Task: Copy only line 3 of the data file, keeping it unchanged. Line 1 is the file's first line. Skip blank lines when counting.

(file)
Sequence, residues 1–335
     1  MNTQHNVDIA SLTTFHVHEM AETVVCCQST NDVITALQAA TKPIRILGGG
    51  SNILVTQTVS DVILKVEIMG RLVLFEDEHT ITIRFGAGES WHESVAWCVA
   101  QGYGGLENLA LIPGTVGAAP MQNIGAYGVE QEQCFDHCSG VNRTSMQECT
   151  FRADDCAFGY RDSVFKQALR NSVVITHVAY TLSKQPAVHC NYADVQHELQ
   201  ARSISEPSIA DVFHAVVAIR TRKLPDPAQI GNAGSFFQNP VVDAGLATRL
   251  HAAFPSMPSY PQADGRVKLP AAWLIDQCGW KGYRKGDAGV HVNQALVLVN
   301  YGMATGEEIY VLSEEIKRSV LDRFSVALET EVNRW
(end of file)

    51  SNILVTQTVS DVILKVEIMG RLVLFEDEHT ITIRFGAGES WHESVAWCVA